Was Holocaust Fraud at Claims Conference Even Worse Than Believed?

Prosecutors Work To Keep Lid on $57M Corruption Case

Widespread Misconduct: As the federal trial over fraud at the Claims Conference kicks off, Leo Rechter, president of the National Association of Jewish Holocaust Survivors, is angry that prosecutors are trying to limit disclosure of widespread fraud at the group.
Widespread Misconduct: As the federal trial over fraud at the Claims Conference kicks off, Leo Rechter, president of the National Association of Jewish Holocaust Survivors, is angry that prosecutors are trying to limit disclosure of widespread fraud at the group.

By Paul Berger

Published April 11, 2013, issue of April 19, 2013.

(page 2 of 2)

“It is very unfortunate to see the United States Attorney trying to prevent disclosure of the evidence of misconduct inside the Claims Conference,” said Leo Rechter, president of the National Association of Jewish Holocaust Survivors. “Grassroots survivor leaders have been trying for years to get law enforcement and elected officials to probe the lack of transparency and lack of accountability within the Claims Conference.”

The alleged fraud that the trial will address shocked Holocaust survivors, particularly those in the Russian-speaking Jewish community, when it first came to light, in 2010. The plot is thought to involve thousands of fraudulent claims filed over 16 years with the Claims Conference.

Since the fraud was uncovered, the Claims Conference and FBI investigators have identified about 5,000 fraudulent claims made against two of the conference’s funds. They believe that $12 million was lost to fraudulent claims filed with the Hardship Fund, which makes a one-off payment of about $3,500 to people who were forced to evacuate during World War II. Prosecutors believe that an additional $45 million was claimed fraudulently from the Article 2 Fund, which pays a monthly pension of $400 to needy survivors who lived in hiding or under a false identity for at least 18 months during the war.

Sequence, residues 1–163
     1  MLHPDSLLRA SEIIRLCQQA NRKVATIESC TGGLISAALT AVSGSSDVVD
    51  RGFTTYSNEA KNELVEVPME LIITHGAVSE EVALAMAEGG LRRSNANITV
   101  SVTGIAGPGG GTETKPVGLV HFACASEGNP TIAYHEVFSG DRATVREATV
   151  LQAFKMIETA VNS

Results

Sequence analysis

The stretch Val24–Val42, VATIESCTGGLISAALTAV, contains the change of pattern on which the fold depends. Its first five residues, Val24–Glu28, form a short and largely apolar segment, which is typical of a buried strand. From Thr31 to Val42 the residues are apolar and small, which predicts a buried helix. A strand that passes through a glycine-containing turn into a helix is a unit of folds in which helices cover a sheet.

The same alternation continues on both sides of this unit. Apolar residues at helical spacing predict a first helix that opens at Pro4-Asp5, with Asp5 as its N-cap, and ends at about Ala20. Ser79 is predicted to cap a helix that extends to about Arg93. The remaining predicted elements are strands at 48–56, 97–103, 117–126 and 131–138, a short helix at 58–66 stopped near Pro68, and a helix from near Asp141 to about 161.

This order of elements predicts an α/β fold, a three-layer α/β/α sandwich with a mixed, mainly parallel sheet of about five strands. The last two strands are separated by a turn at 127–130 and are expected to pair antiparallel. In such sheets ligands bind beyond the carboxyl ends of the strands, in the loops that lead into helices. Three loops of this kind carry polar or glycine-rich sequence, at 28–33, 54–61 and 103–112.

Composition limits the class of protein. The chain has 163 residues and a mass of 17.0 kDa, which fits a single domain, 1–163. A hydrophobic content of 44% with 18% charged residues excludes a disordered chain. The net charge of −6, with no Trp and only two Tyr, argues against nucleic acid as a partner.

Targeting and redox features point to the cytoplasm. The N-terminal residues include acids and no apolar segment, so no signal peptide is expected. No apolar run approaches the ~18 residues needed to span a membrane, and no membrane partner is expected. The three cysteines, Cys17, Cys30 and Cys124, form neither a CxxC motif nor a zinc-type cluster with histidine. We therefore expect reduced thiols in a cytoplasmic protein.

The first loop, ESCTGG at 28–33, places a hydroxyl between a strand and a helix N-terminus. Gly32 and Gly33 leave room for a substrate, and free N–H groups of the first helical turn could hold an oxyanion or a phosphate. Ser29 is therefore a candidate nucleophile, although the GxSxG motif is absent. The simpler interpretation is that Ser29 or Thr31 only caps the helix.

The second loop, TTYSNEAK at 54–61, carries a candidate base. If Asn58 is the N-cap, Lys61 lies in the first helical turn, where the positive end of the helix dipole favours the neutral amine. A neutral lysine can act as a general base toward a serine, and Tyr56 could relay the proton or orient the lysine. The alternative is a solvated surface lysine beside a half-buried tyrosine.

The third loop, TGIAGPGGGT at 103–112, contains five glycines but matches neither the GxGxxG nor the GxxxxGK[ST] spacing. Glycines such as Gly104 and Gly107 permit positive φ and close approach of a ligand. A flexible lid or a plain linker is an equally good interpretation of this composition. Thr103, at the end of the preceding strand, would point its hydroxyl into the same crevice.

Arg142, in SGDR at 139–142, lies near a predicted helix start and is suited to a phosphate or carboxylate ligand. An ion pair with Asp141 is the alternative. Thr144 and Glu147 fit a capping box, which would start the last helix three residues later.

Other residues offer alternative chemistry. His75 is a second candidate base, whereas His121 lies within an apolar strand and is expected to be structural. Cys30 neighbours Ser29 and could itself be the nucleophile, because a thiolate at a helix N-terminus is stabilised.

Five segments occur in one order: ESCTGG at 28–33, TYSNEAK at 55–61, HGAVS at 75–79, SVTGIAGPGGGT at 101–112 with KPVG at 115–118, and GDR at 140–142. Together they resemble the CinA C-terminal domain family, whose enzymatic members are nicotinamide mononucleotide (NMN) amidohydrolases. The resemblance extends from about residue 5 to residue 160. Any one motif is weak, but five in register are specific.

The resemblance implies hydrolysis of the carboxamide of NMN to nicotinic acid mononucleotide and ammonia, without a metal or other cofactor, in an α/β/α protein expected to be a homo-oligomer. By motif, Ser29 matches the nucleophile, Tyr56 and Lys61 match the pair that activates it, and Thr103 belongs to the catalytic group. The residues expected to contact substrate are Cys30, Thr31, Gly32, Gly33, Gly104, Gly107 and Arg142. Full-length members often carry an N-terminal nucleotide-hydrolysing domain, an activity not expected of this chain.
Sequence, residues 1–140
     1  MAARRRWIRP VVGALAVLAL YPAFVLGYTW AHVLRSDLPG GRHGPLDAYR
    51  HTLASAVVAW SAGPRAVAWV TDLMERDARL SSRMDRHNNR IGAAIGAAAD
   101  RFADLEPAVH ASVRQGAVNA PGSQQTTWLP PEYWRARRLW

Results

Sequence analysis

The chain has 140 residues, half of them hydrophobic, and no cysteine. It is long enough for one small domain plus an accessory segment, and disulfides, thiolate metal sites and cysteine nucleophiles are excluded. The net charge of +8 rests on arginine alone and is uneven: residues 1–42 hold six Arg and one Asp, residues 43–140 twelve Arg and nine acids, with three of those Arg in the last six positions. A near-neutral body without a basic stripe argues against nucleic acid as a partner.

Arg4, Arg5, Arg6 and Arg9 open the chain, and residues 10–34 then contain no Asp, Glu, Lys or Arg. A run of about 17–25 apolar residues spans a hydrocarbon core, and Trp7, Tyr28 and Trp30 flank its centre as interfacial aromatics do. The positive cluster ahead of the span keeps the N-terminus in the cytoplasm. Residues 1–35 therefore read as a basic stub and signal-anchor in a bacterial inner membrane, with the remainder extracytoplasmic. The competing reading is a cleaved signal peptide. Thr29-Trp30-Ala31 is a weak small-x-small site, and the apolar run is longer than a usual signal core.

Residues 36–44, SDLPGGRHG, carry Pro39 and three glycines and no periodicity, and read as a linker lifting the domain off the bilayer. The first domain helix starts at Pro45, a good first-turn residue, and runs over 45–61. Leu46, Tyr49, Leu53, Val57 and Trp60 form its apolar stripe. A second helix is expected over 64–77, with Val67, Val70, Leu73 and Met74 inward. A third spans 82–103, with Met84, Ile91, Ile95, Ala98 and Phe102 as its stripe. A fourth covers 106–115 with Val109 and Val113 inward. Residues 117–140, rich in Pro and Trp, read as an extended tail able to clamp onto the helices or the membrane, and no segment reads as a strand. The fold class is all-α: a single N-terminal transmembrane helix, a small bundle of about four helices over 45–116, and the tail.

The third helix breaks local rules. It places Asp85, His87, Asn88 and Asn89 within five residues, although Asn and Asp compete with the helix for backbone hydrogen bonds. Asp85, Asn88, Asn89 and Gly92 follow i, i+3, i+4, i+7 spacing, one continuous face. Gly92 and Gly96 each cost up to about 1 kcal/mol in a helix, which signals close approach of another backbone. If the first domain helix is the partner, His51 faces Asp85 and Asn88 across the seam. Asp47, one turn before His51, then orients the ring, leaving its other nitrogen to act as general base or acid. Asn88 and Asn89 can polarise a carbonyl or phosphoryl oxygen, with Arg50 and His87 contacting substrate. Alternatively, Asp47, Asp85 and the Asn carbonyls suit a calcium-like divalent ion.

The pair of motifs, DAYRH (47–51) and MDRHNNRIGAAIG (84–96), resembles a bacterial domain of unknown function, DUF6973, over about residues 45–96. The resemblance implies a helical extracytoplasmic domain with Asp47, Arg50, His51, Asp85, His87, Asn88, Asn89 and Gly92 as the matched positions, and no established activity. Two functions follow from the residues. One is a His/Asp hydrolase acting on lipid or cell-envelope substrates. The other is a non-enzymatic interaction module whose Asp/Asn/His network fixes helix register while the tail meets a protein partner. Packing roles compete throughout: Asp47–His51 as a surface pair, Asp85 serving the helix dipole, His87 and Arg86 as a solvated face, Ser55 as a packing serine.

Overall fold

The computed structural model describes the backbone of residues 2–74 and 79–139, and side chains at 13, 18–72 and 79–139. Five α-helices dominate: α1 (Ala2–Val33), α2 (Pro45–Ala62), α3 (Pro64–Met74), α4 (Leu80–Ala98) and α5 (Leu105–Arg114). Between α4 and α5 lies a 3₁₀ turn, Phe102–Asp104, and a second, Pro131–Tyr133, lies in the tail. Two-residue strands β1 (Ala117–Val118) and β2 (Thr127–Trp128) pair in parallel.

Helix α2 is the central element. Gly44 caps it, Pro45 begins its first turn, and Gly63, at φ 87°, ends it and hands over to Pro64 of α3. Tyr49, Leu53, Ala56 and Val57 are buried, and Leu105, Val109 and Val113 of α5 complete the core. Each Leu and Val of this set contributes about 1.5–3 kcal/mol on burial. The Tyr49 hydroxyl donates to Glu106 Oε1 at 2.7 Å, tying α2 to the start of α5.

The three accused are alleged to have been part of a wide-ranging scheme in which thousands of people from the Former Soviet Union submitted applications and documents that were later altered or supported by forged papers so that they could make fraudulent claims.

Federal prosecutors portray 55-year-old Semen Domnitser, a former director of the Hardship and Article 2 funds, as having been the fraud’s ringleader. “Domnitser’s approval was a prerequisite for sending applications to the German government for payment,” prosecutors say in court papers.

Oksana Romalis, 43, of Brooklyn, and Luba Kramrish, 58, of Toronto, are accused of submitting fraudulent claims on behalf of family members and of recruiting others to submit fraudulent claims.

All three maintain their innocence.

Twenty-eight people, including nine former Claims Conference employees, have already pleaded guilty to fraud and, in some cases, to witness tampering. Nine of those people have been sentenced, some to more than one year in jail, and ordered to pay fines and restitution totaling millions of dollars.

Many of those who pleaded guilty are older than 50, and some are in their 70s and 80s. Polina Berenson, an 83-year-old former Claims Conference employee who pleaded guilty to fraud and witness tampering in March, faces a maximum of 60 years in prison, according to U.S. Attorney Preet Bharara.

Berenson’s lawyer, Alex Grosshtern, said his client is more likely to be jailed for several years when she is sentenced in September.

Contact Paul Berger at berger@forward.com or on Twitter, @pdberger



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